Students have overwhelming voted against a motion on whether OUSU should oppose the wearing of scholars’ gowns in examinations.In a consultation poll, 2126 students voted against the motion that OUSU should oppose the wearing of differential gowns in examinations, with 1214 in favour, and 33 abstentions. The poll was open for two days and received a total turnout of 3373—around 14 per cent of the student body.The results of the poll, which is non-binding, will be discussed and voted on in OUSU’s 1st week Michaelmas Council.The motion was proposed by Wadham students, Matilda Agace and Isobel Cockbur. Writing in Cherwell, Agace, Cockbur and Taisie Tsikas claimed that “the hierarchical gown structure is fundamentally in conflict with ideals of community and equality that the University espouses”. “Many students are made to feel uncomfortable and nervous by the presence of a visual reminder of what they might perceive as their academic inferiority,” they wrote.It was further suggested that scholars’ gowns, which cost £45, do not accurately represent academic achievement. An argument in favour of the motion on OUSU’s website argued: “prelims results are more of a reflection of a student’s educational background than their grade in Finals”.However, there has been strong opposition to the banning of scholars gowns. Writing in Cherwell, Thomas Munro said that it would be “perverse to deny those who have achieved academically the rewards of their success”.Munro further argued: “to remove the right to wear [scholars’ gowns] from those who have already achieved scholarships reeks of envy, rather than any real desire for reform”.It remains unclear if the poll will prove decisive on this contentious issue. Because the consultation was solely advisory, OUSU council could still technically vote to adopt the policy of opposing differential gowns in examinations in October.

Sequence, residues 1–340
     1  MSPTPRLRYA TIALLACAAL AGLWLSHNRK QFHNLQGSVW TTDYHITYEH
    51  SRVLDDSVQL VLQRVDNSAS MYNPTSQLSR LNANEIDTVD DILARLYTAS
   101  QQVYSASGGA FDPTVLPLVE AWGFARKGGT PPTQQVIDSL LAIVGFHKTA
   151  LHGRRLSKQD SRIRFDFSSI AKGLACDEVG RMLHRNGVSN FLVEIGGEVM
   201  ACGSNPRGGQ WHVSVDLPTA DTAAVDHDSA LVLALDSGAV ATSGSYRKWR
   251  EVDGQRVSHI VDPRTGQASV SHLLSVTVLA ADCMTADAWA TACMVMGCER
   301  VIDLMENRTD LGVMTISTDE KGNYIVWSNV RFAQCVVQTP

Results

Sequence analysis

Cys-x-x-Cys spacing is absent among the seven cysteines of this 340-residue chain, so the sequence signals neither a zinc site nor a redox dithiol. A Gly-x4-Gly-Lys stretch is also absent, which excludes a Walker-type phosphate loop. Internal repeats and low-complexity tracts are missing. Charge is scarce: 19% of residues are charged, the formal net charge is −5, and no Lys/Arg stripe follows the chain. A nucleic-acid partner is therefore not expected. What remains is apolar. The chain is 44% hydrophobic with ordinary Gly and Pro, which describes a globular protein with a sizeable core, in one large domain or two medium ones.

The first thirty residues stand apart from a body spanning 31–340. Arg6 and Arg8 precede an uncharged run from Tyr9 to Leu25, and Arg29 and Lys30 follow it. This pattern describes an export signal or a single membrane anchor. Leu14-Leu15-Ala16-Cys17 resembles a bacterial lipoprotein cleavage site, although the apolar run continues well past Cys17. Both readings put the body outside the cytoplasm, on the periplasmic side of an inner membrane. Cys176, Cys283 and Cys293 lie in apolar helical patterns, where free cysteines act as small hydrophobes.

Swiss asset manager Lyxor has listed a new exchange-traded fund (ETF) focused on companies in the robotics and artificial intelligence (AI) sectors.The fund’s portfolio has been built based on the work of parent company Société Générale’s (SocGen) thematic research team, as well as that of Martin Ford, a futurist and author.The Robotics and AI ETF invests in 150 stocks selected by SocGen’s big data process based on research and development expenditure, net sales, return on invested capital, and three-year sales growth.Lyxor claimed the “bespoke” approach meant the fund included companies making use of robotics or AI technology in their businesses, and not just those creating the technology or its components. Data company Statista has estimated that companies in the robotics and AI sectors could generate revenues of as much as $90bn (€77bn) by 2025.The ETF is listed in the UK, Germany and Italy and has a total expense ratio of 0.4%.Invesco’s S&P-based communications ETFMeanwhile, Invesco has listed a new ETF on the London Stock Exchange focusing on the communications sector of the S&P 500 index. It covers 26 stocks including technology giants Facebook, Netflix, Twitter, and Alphabet (Google’s holding company).The launch reflects the decisions of index providers S&P and MSCI to amend their company definitions. For S&P, this has meant reassigning companies from the consumer discretionary and technology sectors to the new communications category.The fund is the 11th in Invesco’s range of ETFs tracking specific S&P sectors. It has an annual ongoing charge of 0.14%.TOBAM to cut carbon footprint across fund rangeFrench asset manager TOBAM has adopted a carbon reduction policy for its main portfolios, aiming to cut its footprint by 20%.The strategy applies to its “anti-benchmark” equity funds and “maximum diversification” indices, according to a statement from the fund manager.Founder and CEO Yves Choueifaty said the company’s research had shown that reducing its carbon footprint would “not significantly affect the risk/return profile of our approach” or its portfolios’ diversification.“We believe that the capability to customise as well as add specific filters and/or constraints without impacting the nature of our investment philosophy is a core quality of the maximum diversification approach,” he added.Asset management acquirer adds to portfolio with liquid alts buyIM Global Partner, a French distribution group for asset managers, has acquired a 45% stake in liquid alternatives specialist Dynamic Beta Investments.The deal marks IM Global Partner’s fourth acquisition, following its purchase of stakes in US-based equities manager Polen Capital, corporate bond specialist Dolan McEniry, and global equities investor Sirios Capital Management.Dynamic Beta is based in New York runs a long/short fund-of-funds, and managed futures strategy, and a multi-asset absolute return fund.Mathias Mamou-Mani, head of risk management at Dynamic Beta, said: “Extensive research on hedge funds proves that most or all pre-fee returns of hedge funds can be captured through dynamically-adjusted portfolios of market instruments.“This validates our position that fee reduction can generate meaningful alpha for our clients.“We are excited to work with IM Global Partner to introduce our investment solutions to a broader range of investors.”